Alarm as A-level confusion persists

25th April 2003 at 01:00
SEVEN months after last year's A-level regrading furore began and just weeks away from this year's exams, the confusion over who sets standards has yet to be resolved.

Uncertainty about responsibility for A-level standards was a major cause of last year's fiasco, with last-minute changes to grade boundaries. But there is still no formal definition of the precise roles of the key exam players: the Government, the Qualifications and Curriculum Authority and the exam boards.

The boards claim not to have been consulted on the proposed "memo of understanding" defining the various roles, despite Mike Tomlinson's report recommending that they draw it up with ministers and the QCA.

An exam board source said that the QCA had submitted a draft agreement three months ago to the Department for Education and Skills for approval, but that the DfES had been unhappy with it.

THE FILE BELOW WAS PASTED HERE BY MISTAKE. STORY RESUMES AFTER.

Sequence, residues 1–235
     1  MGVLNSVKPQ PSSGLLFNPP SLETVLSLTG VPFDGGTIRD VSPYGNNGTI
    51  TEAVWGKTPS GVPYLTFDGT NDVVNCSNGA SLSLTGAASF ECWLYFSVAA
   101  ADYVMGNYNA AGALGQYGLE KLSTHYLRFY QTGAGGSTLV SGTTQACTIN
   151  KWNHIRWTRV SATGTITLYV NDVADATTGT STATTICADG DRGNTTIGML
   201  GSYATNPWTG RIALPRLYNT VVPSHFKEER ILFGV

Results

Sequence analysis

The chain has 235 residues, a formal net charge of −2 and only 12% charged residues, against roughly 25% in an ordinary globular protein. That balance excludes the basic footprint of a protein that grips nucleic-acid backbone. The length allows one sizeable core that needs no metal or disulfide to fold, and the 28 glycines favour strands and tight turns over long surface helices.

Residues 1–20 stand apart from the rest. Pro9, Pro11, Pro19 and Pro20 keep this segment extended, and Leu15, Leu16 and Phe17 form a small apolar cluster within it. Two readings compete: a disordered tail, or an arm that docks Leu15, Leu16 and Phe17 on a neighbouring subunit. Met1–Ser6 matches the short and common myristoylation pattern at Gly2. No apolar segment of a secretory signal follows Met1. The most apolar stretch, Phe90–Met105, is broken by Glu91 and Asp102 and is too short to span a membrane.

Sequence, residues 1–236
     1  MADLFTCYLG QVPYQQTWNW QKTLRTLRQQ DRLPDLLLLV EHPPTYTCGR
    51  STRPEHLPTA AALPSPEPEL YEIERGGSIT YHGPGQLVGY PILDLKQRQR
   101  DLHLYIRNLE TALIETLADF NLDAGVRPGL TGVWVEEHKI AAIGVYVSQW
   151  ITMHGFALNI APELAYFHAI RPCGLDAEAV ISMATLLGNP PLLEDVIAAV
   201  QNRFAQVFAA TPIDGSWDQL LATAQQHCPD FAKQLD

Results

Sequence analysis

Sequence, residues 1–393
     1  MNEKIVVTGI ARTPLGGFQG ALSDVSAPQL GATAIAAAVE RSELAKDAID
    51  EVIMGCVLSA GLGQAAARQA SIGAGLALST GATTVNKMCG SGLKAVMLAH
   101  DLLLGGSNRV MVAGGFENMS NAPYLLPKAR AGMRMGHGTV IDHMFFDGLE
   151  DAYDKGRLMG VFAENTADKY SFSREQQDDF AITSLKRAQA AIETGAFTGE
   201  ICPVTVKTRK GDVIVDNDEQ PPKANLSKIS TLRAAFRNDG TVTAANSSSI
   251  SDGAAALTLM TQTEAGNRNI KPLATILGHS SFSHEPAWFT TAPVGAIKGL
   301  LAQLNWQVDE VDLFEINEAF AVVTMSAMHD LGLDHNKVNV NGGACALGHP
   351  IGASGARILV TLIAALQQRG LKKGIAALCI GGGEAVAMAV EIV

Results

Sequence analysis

Damian Green, shadow education secretary, has asked Parliamentary questions on the issue. He said: "I have been told that no consultation with exam boards has been going on. I think at least some of the lessons of last summer have not been learned, which is quite alarming. The last thing anyone wants is any kind of repetition of the uncertainty of last year."

Some of Mr Tomlinson's recommendations, including changes to the exam code of practice and the issuing of graded examples of work, have now been implemented.

A DfES spokeswoman would not comment on the proposed agreement, beyond saying it would be published "shortly". She would not say whether exam boards were involved in drawing it up.

Opinion, 21

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